Calling all land managers!

24 March 2021 - Published by Francis Buner

Do agri-environment schemes work and how might we improve them?

Agri-environment schemes (AES) have been around now since the early 1990s. These reward farmers for following guidelines on how to manage their land – with the aim to make it more suitable for farmland wildlife. These are funded with public money and can be colossally expensive: the Scottish Agri-Environment Climate Scheme alone cost taxpayers approx. £50 million a year during 2014-2020. But do they work?

There has been a lot of research into this question over the last 10-20 years, with mixed findings. For a long time the consensus was that, by and large, AES don’t make a huge difference. For example, a study in Scotland in the early 2000s showed that those farms in AES did have more wildlife than those that weren’t, but actually this was the case before they got into the scheme. Once in the scheme, there were no improvements in biodiversity over the course of their management agreements.

Over time, AES were revised – and supposedly improved – during each review cycle, but still the research suggested things weren’t always going as expected on the farm. There were some undoubted success stories, like the corncrake – a rare bird now restricted almost exclusively to the islands of north-west Scotland, which increased 2.3-fold when more than 70% of its core area was devoted to measures designed specifically to help this species and paid for by AES, but for much of the more common, widespread species, but which are still in decline, there was little evidence of large-scale changes in fortune. Indeed, the EU’s mid-term review of its biodiversity strategy, concluded that no significant progress had been made toward hitting its target of halting biodiversity loss (despite AES being an integral part of the plan).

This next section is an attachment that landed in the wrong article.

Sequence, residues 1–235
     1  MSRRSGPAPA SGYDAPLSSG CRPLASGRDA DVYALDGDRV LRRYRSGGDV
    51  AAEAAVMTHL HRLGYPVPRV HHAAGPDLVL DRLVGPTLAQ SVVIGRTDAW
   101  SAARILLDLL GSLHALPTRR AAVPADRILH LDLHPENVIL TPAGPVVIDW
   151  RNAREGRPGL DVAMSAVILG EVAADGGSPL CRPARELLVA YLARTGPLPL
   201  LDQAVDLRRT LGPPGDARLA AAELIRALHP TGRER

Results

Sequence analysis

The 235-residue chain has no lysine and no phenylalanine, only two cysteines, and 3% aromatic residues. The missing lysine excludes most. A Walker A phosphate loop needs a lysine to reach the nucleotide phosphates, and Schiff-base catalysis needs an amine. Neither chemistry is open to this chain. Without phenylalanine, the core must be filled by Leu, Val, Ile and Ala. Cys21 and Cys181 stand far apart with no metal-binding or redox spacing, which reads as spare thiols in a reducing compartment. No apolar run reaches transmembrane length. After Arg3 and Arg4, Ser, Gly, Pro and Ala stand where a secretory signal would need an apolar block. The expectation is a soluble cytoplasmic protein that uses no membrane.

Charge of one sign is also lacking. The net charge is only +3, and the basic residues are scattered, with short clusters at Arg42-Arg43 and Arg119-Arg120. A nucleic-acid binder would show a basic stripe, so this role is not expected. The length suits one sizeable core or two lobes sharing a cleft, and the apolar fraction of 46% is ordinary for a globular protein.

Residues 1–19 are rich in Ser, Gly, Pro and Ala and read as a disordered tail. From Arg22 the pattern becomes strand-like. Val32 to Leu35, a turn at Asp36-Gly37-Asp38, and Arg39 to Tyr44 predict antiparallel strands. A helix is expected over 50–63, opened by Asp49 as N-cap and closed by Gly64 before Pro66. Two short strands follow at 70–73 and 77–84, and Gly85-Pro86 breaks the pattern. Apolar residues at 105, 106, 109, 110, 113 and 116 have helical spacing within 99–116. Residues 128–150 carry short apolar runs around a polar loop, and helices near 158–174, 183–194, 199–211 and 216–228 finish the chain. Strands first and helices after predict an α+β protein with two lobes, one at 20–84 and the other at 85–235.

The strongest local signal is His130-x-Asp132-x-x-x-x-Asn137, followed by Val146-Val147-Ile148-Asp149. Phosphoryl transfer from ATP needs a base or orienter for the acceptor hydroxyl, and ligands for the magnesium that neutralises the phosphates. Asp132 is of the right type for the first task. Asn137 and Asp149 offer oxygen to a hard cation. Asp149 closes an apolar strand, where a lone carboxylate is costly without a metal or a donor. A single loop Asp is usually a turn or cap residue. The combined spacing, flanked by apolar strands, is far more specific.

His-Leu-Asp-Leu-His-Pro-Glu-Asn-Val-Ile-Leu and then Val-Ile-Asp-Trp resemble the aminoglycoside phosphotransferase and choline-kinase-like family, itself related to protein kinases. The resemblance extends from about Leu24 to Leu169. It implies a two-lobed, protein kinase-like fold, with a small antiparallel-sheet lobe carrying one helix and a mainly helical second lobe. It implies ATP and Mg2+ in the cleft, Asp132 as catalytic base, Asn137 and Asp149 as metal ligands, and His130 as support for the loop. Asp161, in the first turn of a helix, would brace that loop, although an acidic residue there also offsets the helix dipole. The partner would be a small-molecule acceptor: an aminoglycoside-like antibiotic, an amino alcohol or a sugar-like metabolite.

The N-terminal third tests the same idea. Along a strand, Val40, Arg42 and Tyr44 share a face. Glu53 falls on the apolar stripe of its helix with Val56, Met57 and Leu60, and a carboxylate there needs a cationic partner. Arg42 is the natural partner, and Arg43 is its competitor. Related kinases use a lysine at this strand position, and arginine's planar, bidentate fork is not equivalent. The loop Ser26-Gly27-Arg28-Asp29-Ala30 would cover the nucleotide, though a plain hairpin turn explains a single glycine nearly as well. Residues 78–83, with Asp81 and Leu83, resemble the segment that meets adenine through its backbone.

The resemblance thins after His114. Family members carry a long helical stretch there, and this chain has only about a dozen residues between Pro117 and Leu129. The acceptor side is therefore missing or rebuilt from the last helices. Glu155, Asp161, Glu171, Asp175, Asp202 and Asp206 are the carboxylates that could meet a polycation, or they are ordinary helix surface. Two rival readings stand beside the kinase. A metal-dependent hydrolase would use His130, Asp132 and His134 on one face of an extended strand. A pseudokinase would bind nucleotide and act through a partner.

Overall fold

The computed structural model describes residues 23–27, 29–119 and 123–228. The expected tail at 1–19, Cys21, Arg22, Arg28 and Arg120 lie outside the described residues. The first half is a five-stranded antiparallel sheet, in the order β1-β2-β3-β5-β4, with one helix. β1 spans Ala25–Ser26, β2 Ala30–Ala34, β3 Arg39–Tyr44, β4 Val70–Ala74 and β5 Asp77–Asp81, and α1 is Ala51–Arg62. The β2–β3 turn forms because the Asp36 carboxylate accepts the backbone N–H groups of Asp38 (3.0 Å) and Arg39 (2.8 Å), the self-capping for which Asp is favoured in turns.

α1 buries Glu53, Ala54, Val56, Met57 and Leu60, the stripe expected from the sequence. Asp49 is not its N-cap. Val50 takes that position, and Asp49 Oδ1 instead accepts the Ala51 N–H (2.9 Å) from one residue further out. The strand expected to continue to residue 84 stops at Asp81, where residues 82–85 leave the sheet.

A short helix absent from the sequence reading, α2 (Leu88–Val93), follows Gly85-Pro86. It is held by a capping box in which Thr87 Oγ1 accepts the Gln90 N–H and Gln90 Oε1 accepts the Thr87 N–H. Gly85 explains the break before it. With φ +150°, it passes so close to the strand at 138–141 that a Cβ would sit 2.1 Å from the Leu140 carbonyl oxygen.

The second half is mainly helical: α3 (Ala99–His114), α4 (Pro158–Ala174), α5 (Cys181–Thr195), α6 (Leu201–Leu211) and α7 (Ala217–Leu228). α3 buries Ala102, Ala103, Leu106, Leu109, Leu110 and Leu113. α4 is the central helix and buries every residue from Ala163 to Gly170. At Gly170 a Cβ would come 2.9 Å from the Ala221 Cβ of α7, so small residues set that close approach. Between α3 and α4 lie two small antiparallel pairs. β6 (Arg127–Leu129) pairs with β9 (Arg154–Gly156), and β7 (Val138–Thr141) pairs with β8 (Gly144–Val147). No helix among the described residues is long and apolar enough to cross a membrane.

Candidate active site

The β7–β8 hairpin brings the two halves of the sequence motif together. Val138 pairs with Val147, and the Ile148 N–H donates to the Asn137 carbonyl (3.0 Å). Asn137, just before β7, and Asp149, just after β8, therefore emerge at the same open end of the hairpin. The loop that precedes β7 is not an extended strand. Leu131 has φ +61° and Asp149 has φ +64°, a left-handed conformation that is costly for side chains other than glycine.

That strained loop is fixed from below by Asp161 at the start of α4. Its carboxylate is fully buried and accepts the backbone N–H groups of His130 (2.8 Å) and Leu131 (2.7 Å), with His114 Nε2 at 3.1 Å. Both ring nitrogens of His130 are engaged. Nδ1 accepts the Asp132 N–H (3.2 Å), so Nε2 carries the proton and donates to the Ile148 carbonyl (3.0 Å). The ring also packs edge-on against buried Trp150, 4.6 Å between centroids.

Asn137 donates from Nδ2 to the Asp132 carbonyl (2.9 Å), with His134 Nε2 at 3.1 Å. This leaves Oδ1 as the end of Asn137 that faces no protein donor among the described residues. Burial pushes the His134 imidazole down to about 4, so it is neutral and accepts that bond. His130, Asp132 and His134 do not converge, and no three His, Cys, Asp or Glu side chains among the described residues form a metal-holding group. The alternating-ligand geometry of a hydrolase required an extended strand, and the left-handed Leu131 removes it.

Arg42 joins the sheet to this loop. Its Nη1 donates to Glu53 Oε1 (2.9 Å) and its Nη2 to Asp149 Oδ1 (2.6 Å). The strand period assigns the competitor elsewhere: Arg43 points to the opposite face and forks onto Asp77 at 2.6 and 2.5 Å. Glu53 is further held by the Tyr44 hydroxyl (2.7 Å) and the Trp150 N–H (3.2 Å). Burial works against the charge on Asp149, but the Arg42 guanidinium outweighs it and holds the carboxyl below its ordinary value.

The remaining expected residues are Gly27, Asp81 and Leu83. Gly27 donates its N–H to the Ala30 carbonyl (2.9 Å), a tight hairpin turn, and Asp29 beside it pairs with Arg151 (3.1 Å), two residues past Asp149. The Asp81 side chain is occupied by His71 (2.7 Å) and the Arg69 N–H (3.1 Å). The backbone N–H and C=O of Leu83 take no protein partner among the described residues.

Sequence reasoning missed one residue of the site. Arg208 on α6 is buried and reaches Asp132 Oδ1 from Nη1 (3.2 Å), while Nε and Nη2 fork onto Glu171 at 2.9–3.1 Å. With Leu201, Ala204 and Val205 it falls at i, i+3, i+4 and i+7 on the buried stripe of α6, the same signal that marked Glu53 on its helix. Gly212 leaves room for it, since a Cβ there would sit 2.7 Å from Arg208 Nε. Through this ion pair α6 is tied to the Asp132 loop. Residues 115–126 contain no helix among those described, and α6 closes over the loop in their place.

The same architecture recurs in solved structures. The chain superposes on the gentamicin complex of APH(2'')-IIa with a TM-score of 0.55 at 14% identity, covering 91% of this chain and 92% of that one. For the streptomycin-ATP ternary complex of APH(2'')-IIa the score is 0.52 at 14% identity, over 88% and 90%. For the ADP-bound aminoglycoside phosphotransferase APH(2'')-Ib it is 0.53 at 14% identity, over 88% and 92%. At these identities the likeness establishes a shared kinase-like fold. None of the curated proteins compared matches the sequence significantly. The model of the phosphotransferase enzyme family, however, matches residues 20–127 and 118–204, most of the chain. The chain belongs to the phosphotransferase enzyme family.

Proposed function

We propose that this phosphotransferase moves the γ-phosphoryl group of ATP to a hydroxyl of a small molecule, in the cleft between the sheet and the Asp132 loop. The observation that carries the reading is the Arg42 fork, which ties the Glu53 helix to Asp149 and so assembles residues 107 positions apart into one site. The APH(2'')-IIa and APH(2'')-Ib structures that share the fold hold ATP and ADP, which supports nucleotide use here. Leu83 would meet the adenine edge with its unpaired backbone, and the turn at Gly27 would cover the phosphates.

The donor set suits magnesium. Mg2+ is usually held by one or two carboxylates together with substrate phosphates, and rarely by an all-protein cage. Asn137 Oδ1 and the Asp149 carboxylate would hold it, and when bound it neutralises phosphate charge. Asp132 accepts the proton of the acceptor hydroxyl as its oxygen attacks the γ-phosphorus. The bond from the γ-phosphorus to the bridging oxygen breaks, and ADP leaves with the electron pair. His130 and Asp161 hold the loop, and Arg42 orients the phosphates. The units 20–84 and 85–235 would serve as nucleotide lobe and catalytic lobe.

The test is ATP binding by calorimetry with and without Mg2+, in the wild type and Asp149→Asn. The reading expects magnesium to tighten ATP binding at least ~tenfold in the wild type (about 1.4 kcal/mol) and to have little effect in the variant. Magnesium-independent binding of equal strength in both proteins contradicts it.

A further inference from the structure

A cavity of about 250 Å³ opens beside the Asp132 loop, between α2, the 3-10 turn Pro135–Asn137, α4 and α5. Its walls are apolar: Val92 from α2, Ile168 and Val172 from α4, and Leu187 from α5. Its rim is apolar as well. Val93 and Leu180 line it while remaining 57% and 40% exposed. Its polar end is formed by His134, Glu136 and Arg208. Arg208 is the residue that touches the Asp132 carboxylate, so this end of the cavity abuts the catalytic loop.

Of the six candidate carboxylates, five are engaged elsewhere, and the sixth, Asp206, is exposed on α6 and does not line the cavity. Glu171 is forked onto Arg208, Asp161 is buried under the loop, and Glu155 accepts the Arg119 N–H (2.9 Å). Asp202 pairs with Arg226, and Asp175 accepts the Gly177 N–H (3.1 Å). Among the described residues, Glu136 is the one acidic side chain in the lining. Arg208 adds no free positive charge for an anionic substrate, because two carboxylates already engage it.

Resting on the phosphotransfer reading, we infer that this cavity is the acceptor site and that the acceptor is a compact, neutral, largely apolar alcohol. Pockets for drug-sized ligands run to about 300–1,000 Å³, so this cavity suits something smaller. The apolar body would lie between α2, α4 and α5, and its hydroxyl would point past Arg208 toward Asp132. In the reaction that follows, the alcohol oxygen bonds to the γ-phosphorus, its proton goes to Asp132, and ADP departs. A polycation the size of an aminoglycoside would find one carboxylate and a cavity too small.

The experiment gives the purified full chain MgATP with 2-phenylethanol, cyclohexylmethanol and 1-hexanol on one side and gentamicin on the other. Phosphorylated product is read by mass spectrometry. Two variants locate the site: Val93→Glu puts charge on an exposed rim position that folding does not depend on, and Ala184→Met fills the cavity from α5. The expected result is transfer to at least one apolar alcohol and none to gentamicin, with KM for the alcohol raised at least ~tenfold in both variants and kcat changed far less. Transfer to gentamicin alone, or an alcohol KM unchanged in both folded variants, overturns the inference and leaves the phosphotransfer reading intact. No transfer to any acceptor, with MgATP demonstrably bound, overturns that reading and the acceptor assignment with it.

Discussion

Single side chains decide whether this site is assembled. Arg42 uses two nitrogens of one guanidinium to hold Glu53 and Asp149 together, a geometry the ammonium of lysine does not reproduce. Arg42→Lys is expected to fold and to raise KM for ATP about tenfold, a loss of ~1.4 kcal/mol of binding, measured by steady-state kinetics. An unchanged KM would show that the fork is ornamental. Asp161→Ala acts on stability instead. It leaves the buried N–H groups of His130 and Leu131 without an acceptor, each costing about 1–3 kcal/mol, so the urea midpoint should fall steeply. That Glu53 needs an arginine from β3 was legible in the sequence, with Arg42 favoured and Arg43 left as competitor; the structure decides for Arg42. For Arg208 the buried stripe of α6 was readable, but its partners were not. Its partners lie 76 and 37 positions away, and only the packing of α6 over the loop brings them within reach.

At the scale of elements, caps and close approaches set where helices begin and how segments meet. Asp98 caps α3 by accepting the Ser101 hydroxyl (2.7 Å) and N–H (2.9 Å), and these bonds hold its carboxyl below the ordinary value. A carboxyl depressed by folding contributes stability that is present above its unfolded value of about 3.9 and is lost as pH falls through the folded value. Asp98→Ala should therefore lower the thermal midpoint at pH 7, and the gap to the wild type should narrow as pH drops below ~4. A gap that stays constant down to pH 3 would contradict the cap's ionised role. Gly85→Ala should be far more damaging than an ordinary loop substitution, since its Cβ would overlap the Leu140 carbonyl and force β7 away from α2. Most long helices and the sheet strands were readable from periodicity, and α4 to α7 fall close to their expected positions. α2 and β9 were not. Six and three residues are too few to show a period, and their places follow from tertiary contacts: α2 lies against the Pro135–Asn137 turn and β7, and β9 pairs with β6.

So, what is going on? Why aren’t AES delivering the recovery in biodiversity that they are designed to? Well, there have been many reasons suggested. For example, there is no question that some of the options available in the schemes have unforeseen consequences – when rush-cutting to benefit waders leads to an increase in potential nest predation rates, you know there’s something wrong! It is also likely that the measures available are too rigid in how they must be implemented, which won’t suit all situations and so will likely compromise their chance of success.

So how do we improve schemes to make them more likely to enhance farmland biodiversity? Well, the Interreg NSR PARTRIDGE project is exploring this issue via ten demo farms across northern Europe, showcasing some of the better ways of utilising AES measures, but it is also currently running a huge survey of land-managers (farmers and those with a shooting interest) to learn about the experiences and opinions of those who are, or who have been, in an AES, as well as those who have never considered entering a scheme. It is a rare opportunity for end-users to have a say in how future AES might look, so if you have 10 minutes to spare (based mostly on multiple-choice answers), please take a look – you may win a prize!


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Cover Crop Header picture (photo taken by Molly Crookshank)